Counting down the top 10 posts of the year...here's #8, first posted on 8/1/20.
Veronica Waldrop was the author of The Nuff, a story she wrote for her daughters before she passed away in 2017. This interview is with Will Waldrop, her husband, and Alan Williams, a family friend who organized the publication of The Nuff.
Q: How did Veronica Waldrop come up with the idea for The Nuff, and what message did she want to leave her daughters?
A: Veronica came up with the idea of The Nuff based on her experiences throughout childhood and into high school. She always struggled with insecurities and strived to find her place in some type of “group.”
As an adult, it is easy to look back and see how trivial those insecurities may have been, but for children they do not have that vision and foresight to navigate those issues. To compound things, we live in a day and age where social media serves as a highlight reel for people’s lives.
However, as we have learned the hard way, life is difficult and can give you many challenges that are extremely hard to accept.
At the end of the day, her message to the girls was for them to know they were amazing and created by God, which makes them beautifully and wonderfully made.
Q: What was the process involved in getting the book published, and what has the reaction been so far?
Alan: Ultimately, a friend asked me for help. Just weeks after Veronica passed away, Will shared the poem with me along with his desire to bring this poem to life. I created Tailwind Publishing with the sole purpose of producing The Nuff and fulfilling its mission to inspire every girl to know that she is enough.
Most importantly, we've focused on strategic partnerships that will ensure that this book gets in the hands of girls that might not otherwise receive it.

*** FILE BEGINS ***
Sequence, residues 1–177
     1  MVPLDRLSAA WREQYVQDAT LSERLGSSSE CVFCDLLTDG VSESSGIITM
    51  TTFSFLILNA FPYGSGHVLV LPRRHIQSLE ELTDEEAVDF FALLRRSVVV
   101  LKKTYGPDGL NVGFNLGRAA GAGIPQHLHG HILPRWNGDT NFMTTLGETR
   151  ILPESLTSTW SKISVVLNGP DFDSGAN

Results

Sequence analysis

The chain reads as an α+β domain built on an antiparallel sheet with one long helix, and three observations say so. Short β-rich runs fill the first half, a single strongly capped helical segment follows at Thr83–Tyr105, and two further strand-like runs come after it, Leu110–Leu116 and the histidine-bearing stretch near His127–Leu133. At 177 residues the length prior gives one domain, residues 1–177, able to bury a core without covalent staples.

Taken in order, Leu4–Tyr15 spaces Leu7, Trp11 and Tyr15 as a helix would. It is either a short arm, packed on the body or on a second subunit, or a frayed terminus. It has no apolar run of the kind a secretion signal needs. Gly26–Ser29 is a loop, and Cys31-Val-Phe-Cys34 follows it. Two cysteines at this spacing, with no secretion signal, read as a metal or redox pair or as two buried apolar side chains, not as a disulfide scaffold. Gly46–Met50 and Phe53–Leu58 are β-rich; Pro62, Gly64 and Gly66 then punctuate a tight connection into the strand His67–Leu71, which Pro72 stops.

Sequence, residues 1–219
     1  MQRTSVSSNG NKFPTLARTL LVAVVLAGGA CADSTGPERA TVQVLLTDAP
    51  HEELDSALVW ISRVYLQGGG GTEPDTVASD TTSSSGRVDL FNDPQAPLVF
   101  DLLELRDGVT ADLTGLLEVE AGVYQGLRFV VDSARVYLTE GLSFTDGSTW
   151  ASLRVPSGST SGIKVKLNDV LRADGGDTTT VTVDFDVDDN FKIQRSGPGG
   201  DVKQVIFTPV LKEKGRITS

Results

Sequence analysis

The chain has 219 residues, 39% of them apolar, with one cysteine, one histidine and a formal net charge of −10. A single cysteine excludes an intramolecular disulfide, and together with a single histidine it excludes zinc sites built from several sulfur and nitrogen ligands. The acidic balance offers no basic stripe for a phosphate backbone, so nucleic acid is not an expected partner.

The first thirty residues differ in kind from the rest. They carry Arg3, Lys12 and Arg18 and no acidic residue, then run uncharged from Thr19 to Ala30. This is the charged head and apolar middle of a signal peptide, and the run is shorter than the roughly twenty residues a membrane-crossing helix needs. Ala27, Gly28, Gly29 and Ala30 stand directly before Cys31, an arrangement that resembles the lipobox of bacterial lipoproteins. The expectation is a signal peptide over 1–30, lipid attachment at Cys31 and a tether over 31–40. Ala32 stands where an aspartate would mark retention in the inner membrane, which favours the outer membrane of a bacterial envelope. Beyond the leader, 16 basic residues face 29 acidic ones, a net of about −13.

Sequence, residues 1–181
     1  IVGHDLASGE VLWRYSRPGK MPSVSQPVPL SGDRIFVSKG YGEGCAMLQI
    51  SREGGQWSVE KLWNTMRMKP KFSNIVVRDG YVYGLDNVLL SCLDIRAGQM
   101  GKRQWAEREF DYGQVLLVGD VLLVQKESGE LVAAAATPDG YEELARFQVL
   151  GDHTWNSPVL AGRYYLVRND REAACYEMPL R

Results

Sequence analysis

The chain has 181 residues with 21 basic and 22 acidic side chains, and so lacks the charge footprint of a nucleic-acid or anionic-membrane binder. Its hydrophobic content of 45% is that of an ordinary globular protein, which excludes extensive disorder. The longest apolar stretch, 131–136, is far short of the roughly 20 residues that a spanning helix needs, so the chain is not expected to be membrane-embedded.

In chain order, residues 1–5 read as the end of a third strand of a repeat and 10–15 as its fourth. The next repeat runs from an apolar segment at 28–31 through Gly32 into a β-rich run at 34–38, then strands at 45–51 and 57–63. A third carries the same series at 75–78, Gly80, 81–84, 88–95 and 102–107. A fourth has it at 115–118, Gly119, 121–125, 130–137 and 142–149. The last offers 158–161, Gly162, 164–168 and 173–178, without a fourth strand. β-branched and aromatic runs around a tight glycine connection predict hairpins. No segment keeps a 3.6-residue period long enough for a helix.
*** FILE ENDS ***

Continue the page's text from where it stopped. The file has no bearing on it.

The reaction to The Nuff has been inspiring, joyful, and indicative that all of us – not just women – want to spread the powerful messages found in the book.
We've already launched the book in Texas with H-E-B across their 310 stores and our nationwide launch kicked off on International Women's Day. In a very short time, we've shipped books to individuals, retailers, and schools in over 45 states.
We're entering our fourth printing of the book and are just getting started. Parents are inspired by Veronica's courage and they want their kids to understand acceptance of self and acceptance of others.
Q: What do you think Cat Elliott's illustrations add to the story?
Will: Cat knew Veronica, and so only she could have brought this character to life. Her illustrations capture the life and the depth that Veronica envisioned for The Nuff when she would dress up as a unicorn to lift the spirits of her daughters during the final days of her life.
The Nuff is a beautiful creation, but far from perfect. The character has a broken horn and a bandaid – a clear reminder that brokenness is beautiful. At the end of the day, I want my daughters to know that their confidence does not come from what they do, but who they are.
Q: Can you say something about Veronica's legacy today?
Will: Preserving Veronica's legacy – so that my daughters would forever be reminded that they are enough – is what inspired this project. The social media response to the book has been heartwarming and inspiring. This timeless story is resonating with girls and women of all ages and backgrounds. The Nuff may be a children’s book, but it is not solely a kid’s message.
As a dad, there are times when I don't feel like I am enough, but I'm thankful that, through this book, we can all be reminded that we are enough. Veronica said it best, "Grace is amazing, perfection is not – have faith in who you are. Just be you and love will shine through like a brilliant, sparkling star."
Q: Is there anything else we should know?
Alan: The Nuff is evolving as an educational resource. We are working with an educational partner to develop a curriculum tied to The Nuff for Pre-K through 2nd grade students.
These educators recognize that without a strong sense of self-worth, girls fall behind their peers, subconsciously setting low expectations and losing sign of their true potential.
But that can change. When a girl knows that she is enough, amazing things happen. She dreams big. She lifts others along the way, and she becomes resilient in the face of adversity – all things that I want for my own daughters.
--Interview with Deborah Kalb